Weaker countries, to remain in relative safety, must group themselves into larger defensive units. The future of the world economy, according to economist Peter Drucker, is a rivalry not between states, but blocs of states1. The bloc strategy is also connected with the development of defence potential—facing an increasing international instability it is important to integrate defence policy and cooperation to increase common power of deterrence. A good example of tangible benefits of military integration is the European Union: even though individual EU states are individually weak, the Union as a whole would be treated as a serious power. However, at this stage of integration it is too divided; deeper integration is necessary, especially in the defence and security arenas. Importantly, three quarters of EU citizens support further integration in these areas2. Such integration would strengthen EU’s position in the world and would enhance NATO’s potential. There is a risk, however, that, especially on the western edge, the “bystander effect” would appear. Some states will want to take advantage of the security and stability offered by the EU for free, without the parallel membership responsibilities (such as London).
Forthcoming changes in the balance of power will spawn destabilisation and the threat of war. Long-term downward and rising power trends are taking place among the world powers, or the top ten countries in the ranking. They indicate that the coming end of the unipolar world, or the one where the US was the hegemon, or the sole superpower that could not be equalled by any other country in the world. The accelerating growth in strength by China (as well as India) suggests that we are moving towards a bi- or multi-polar world, in which the balance of power in the world will be remodelled. Similar trends are seen in other research, and it can be seen at a broader level of civilsational development. For example, anthropologist Ian Morris, within the SDI (Social Development Index) indicator, stated that in terms of civilisational development, the broadly understood East, which included China, will overtake the West3, which includes the US. The remodelling of the international system in this spirit is already causing growing disturbances, seen by the strongest countries in the world as strategic windows to redefine their roles and modify the network of alliances. This process may be implemented not only with economic or soft power4 means, but also military once, as shown by the hybrid war conducted by Russia in Ukraine. In times of international uncertainty and tension in eastern Europe, it is not surprising that the defence industries in France, Germany or Russia are seeing growing sales5.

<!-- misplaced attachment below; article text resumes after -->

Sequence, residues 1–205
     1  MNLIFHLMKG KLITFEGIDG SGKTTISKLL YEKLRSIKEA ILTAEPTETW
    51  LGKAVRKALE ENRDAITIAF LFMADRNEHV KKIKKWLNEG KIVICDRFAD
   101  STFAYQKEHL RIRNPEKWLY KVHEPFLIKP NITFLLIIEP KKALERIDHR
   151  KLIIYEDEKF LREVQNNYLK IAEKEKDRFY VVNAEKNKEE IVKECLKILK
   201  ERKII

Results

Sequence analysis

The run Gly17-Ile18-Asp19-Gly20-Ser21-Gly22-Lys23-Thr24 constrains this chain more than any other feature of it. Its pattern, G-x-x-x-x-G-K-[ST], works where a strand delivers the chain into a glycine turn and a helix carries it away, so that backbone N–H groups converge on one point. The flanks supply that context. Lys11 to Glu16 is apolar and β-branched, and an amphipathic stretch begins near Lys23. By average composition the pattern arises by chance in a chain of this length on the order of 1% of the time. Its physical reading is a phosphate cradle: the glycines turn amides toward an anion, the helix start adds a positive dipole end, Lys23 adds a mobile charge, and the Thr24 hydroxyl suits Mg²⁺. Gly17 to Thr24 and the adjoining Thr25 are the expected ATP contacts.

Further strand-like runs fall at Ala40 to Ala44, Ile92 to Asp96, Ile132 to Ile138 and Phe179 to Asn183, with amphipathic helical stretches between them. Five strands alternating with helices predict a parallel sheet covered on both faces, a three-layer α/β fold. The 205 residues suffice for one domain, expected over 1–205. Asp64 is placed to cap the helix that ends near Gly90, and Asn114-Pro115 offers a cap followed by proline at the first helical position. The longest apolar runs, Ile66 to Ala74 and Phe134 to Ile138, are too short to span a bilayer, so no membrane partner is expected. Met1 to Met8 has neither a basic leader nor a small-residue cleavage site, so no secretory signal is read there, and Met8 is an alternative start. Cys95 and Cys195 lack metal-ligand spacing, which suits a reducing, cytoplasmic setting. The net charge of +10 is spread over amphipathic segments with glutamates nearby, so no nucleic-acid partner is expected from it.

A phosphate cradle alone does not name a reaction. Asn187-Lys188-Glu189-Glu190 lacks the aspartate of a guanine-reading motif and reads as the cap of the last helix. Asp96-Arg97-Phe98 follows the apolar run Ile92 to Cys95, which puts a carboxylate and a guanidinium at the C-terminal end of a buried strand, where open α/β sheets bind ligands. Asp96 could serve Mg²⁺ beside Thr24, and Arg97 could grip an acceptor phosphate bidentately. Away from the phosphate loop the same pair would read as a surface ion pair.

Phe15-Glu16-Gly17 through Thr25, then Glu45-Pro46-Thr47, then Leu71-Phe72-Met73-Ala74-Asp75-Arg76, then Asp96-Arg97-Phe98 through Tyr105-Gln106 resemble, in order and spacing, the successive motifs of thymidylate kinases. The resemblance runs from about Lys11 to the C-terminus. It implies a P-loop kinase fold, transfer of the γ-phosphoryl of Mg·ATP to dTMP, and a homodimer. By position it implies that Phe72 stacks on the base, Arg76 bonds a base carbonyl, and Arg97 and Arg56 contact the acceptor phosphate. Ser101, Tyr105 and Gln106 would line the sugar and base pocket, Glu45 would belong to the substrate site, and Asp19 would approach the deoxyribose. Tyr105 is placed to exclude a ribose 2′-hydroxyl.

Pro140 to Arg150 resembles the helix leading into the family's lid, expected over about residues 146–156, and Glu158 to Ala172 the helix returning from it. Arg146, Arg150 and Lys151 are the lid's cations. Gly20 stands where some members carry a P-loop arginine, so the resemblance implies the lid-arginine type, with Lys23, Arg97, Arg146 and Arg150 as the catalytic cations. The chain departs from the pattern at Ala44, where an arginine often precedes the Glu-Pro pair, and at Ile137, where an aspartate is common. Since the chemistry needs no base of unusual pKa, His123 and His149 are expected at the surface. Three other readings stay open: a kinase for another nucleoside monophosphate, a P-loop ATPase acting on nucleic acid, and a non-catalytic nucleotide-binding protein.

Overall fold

State Power Index for the European Union, US, Russia and China in 1991-2016
Western countries cannot find themselves in the conditions of hybrid confrontation. Russia is not only able to conduct a military confrontation outside the radar of Western countries6, it can also effectively influence the political sentiment in these countries. The combined economic and political influence, along with corruption7, is complemented with ideological diversion, which may change the course of internal affairs of Western countries in the most important moments. This does not just include the alleged support for Eurosceptic circles in Great Britain, which could have influenced the decision for the country to leave the EU, or Brexit8. Russia also had a documented influence on the result of the most important elections in nominally stronger countries. US counterintelligence services said in a statement in November 2016 that Russian entities were behind hacker attacks that led to the defeat of Democratic candidate Hillary Clinton in the US presidential election9. Chancellor Angela Merkel publicly raises concerns about a similar diversion in German elections10. So far, Western countries have not openly used similar tools for different reasons, including ethical ones. In this respect, Russia holds an advantage over Western countries because it has more instruments of international influence.